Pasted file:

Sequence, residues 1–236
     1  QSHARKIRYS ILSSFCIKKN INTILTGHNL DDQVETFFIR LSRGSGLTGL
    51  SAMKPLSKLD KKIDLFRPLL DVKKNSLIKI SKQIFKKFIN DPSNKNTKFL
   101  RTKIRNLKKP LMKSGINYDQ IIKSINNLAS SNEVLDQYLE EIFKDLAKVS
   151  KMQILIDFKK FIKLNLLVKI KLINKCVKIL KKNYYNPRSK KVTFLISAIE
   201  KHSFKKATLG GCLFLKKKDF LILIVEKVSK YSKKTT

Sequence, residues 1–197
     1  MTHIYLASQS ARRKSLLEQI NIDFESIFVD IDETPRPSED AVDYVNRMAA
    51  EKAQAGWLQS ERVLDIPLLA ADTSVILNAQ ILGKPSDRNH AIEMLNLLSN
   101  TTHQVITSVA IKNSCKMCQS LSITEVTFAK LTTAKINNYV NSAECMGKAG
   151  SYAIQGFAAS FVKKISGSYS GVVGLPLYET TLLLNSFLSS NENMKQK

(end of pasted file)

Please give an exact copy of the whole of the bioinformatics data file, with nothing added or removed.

Sequence, residues 1–236
     1  QSHARKIRYS ILSSFCIKKN INTILTGHNL DDQVETFFIR LSRGSGLTGL
    51  SAMKPLSKLD KKIDLFRPLL DVKKNSLIKI SKQIFKKFIN DPSNKNTKFL
   101  RTKIRNLKKP LMKSGINYDQ IIKSINNLAS SNEVLDQYLE EIFKDLAKVS
   151  KMQILIDFKK FIKLNLLVKI KLINKCVKIL KKNYYNPRSK KVTFLISAIE
   201  KHSFKKATLG GCLFLKKKDF LILIVEKVSK YSKKTT

Sequence, residues 1–197
     1  MTHIYLASQS ARRKSLLEQI NIDFESIFVD IDETPRPSED AVDYVNRMAA
    51  EKAQAGWLQS ERVLDIPLLA ADTSVILNAQ ILGKPSDRNH AIEMLNLLSN
   101  TTHQVITSVA IKNSCKMCQS LSITEVTFAK LTTAKINNYV NSAECMGKAG
   151  SYAIQGFAAS FVKKISGSYS GVVGLPLYET TLLLNSFLSS NENMKQK